It might be time for maternity leave…

With only 8 weeks left (!!!!!!!!) until we welcome another little monster to the circus troupe, I am finding myself with less and less studio time as we (okay… as my husband) finishes up some big home improvement projects around the house and I find myself needing naps to get through the day.

Although I will continue work on my 16 Things Project when I can and doing research for Ladylike Artists features, things in the studio are going to slowly get more quiet until after little one arrives. I look forward to sharing new work with you and continuing to expand the type of inventory available in my etsy shop as well as pursue more commission work when I come back.

The etsy shop will stay live until May 14 if you are interested in purchasing any of my current prints or having photo restoration done. If you want to stay up to date on what’s happening in the studio, follow this blog or follow me on instagram. (@funnyren)

Really looking forward to coming back after this break and sharing new stuff with you. In the meantime, I hope you continue to ignore the mustn’ts and the impossibles as you pursue your thing.

As always, thanks for reading.

-r.n.a.

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Ladylike Artist: Dorothea Lange

Photo by Paul Taylor. 1935.

You may not know her name, but I can guarantee you are familiar with her iconic photograph Migrant Mother. The image has come to be a staple in most U.S. History textbooks, representing the poverty that struck farmers during the Great Depression. It also is used as an example of the type of work that was done by photographers hired as part of the New Deal program, the Farm Security Administration. By the time she was hired under the FSA to document the plight of displaced farmers, she already had a portfolio full of images capturing the very real, daily effects of the Great Depression on the West Coast.

To be able to photograph people, especially people you do not know has always been something I have admired. There is a vulnerability to being photographed, a sudden self awareness, that I am uncomfortable experiencing so I am uncomfortable asking others to experience it. When I see work by a photographer like Lange’s, a photographer who spent her entire career photographing others, I am in awe. Her work alone is awe inspiring but considering her willingness to move in to an uncomfortable space to take these photos adds a level of deep reverence I am not sure I could articulate.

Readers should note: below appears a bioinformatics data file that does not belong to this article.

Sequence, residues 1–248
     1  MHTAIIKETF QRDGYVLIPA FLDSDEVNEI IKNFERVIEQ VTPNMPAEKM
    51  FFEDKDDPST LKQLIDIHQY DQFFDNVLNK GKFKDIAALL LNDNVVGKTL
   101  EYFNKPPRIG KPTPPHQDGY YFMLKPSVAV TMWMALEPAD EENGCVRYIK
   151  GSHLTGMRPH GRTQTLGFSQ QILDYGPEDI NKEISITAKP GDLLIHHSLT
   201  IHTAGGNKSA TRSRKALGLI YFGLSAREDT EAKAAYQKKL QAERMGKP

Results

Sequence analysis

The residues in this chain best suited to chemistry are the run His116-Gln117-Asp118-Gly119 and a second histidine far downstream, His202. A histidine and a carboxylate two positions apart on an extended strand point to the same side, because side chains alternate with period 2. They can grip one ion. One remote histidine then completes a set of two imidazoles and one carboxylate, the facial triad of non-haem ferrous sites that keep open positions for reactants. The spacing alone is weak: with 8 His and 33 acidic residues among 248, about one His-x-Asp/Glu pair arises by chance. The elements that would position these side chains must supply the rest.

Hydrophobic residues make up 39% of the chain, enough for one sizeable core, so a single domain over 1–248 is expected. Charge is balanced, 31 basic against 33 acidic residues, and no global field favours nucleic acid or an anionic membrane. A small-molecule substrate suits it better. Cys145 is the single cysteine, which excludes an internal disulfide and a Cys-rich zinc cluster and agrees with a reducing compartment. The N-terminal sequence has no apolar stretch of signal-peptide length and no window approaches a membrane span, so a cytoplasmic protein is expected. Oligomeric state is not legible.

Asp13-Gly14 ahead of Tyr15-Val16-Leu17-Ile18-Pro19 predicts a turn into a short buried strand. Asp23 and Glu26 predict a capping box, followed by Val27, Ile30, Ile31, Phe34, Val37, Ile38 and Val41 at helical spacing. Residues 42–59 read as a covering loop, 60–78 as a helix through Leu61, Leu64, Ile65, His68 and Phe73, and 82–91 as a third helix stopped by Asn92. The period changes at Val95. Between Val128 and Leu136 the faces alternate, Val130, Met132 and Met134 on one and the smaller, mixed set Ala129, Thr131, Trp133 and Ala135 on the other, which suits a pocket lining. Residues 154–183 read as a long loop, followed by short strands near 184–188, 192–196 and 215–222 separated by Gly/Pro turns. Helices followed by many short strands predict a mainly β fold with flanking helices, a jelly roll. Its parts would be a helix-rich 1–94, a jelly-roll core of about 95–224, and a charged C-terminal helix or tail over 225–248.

She believed these photographs were important, she believed that the government and the American people needed to see what was happening to their fellow citizens. It is evident she respected the individuals she asked to photograph. Although she did not spend long periods of time getting to know each of them, she made a point of introducing herself, sharing a bit of her story, what she was doing, why she was doing it, and asking for permission to document a few moments of their life.

The depth of her passion was exposed while on assignment by the military to document the Japanese American relocation and internment in California after the bombing of Pearl Harbor. They were looking for a photographer that would take the propaganda images they thought the American people needed to see in order to be assured that although these individuals were rounded up and relocated in these camps, they were being treated well and not tortured. Instead they hired a photographer unwilling to conform. Lange documented the harsh reality of what was happening to American citizens. Despite having a sensor follow her around to direct what she could and could not photograph, her images still captured the truth they didn’t want seen. Once they saw the images she was producing, she was fired and all of her work was impounded until the end of WWII. At the end of the war they were quietly released to the National Archive where they remained unseen until 2006 when they were published in the book Impounded: Dorothea Lange and the Censored Images of Japanese American Internment.

 

To learn more about the artist:

 

Ladylike Artists is a weekly feature on my blog where I write about a female artist that has inspired me.  My interest for learning more about woman artists peaked when I realized that art history rarely talks about them, saving their stories and work for specialized classes and books. There are more woman artists than we realize!  I hope their stories inspire you to ignore whatever boundaries are stopping you from pursuing your passion.

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Ladylike Artist: Agnes Martin

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Alexander Liberman, Agnes in her studio. 1960